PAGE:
Some collectors find value in antique scrips

Some collectors find value in antique scrips
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First Published: Mon, Apr 14 2008. 01 29 AM IST

Gandhi spends hours rummaging through the towering hauls of waste-paper merchants in search of old share or bond certificates to add to his collection. (Amit Dave / Mint)
Gandhi spends hours rummaging through the towering hauls of waste-paper merchants in search of old share or bond certificates to add to his collection. (Amit Dave / Mint)
Updated: Mon, Apr 14 2008. 01 29 AM IST
New Delhi: Every other Sunday, Pranav Gandhi wakes up and heads for Ahmedabad’s weekly waste market with one purpose: to spend three hours rummaging through the towering hauls of waste-paper merchants.
Methodically, he digs past torn textbooks, old newspapers, scraps of cardboard and discarded shopping lists to search for that one rare gem: an old share or bond certificate, in even reasonably good condition, to add to his collection.
Gandhi spends hours rummaging through the towering hauls of waste-paper merchants in search of old share or bond certificates to add to his collection. (Amit Dave / Mint)
Gandhi is a scripophilist, which is to say he collects antique stocks and bonds. His collection now totals more than 1,000 cancelled share and bond certificates, safely tucked into plastic sleeves and stored in metal filing cabinets.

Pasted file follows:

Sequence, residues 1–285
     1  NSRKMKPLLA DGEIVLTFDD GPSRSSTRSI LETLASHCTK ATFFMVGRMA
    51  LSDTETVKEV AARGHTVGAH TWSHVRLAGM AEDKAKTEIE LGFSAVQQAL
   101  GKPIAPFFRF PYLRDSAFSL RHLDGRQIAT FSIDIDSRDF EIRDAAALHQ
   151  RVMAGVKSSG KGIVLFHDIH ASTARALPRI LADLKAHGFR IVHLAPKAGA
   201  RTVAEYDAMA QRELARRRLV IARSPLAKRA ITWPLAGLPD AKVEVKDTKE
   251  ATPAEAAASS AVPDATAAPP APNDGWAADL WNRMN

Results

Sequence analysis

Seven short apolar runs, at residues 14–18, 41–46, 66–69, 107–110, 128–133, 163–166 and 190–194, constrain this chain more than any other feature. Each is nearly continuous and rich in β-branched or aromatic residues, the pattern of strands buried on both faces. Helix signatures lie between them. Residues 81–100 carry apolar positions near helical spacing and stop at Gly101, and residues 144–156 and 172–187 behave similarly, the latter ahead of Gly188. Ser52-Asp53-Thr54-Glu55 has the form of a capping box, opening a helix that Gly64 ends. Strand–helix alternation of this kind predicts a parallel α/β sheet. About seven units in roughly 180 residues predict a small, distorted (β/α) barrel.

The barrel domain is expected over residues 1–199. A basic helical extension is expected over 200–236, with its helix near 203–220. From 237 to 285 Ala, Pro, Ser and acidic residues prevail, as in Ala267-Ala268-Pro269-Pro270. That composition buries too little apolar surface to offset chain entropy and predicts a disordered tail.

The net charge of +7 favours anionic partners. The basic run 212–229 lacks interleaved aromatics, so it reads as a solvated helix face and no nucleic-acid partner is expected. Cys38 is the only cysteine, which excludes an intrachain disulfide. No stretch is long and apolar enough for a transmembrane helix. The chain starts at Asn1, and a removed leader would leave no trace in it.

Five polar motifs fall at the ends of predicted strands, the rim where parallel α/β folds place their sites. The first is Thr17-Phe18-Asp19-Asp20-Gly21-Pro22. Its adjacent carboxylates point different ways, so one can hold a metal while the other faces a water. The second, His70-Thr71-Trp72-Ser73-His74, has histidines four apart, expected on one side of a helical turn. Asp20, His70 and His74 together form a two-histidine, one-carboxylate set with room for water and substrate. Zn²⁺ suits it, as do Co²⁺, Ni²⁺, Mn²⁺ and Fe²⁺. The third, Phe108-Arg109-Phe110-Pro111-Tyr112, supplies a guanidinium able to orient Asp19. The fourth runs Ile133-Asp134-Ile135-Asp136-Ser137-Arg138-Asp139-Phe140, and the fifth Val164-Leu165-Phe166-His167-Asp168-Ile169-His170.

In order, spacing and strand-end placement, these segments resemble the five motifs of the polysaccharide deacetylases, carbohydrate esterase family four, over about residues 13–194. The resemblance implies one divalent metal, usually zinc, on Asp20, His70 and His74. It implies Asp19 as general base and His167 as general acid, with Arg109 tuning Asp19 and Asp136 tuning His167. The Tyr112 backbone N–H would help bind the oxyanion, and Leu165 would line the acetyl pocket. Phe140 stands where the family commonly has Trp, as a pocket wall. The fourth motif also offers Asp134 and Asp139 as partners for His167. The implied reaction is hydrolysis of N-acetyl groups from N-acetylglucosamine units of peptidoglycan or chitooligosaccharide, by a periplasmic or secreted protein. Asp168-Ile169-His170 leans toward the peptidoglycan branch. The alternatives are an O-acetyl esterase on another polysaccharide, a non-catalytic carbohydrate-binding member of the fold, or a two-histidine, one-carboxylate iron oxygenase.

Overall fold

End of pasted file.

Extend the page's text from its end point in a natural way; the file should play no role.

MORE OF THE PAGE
“Anybody who understands the stock market or who has a natural love of the equity culture could be a scripophilist at heart,” says Gandhi. “I was also attracted by the creative vignettes and illustrations, the ornate designs, and the antique look of these old certificates. You can’t find that in today’s certificates at all.”
The value of an old scrip depends upon its condition, but also upon its aesthetics. A carefully inked, illustrated certificate of a historic company, signed by a famous person, is a coveted rarity. In 2004, at a Scripophily Stock and Bond Show in the US, a $1,000 Third Liberty Loan Gold Bond from 1928 sold for a record price of $13,800.
In fact, this hobby could be the only benefit of still holding Enron stock. One scripophily website is currently selling a 1988 Enron bond, with the doomed Kenneth Lay’s signature as chairman, for $300.
In India, though the pastime doesn’t have as strong a following, enthusiasts exist nonetheless.
“The piece of paper I love the most is the certificate of The Bank of Hindustan, issued in 1942, because of its typical antique design,” says Gandhi. “It is just so visually rich, and it is perhaps the only certificate that has a map of undivided India printed on it.”
Balkrishna Tonde, a scripophilist in Mumbai, singles out two favourites from his collection: a certificate signed by Ghanshyam Das Birla half a century ago, and a Bank of Bengal scrip that goes back a hundred years.
In 1989, when he was 20 years old, Gandhi borrowed money from his parents to buy his first shares—five Partly Convertible Debentures issued publicly by Tisco. “With those shares, it was not just the certificates I possessed. I was also the owner of the underlying securities,” he says. “After holding them for more than eight years, I had to surrender them when I sold my shares. But I still have that original certificate of allotment.”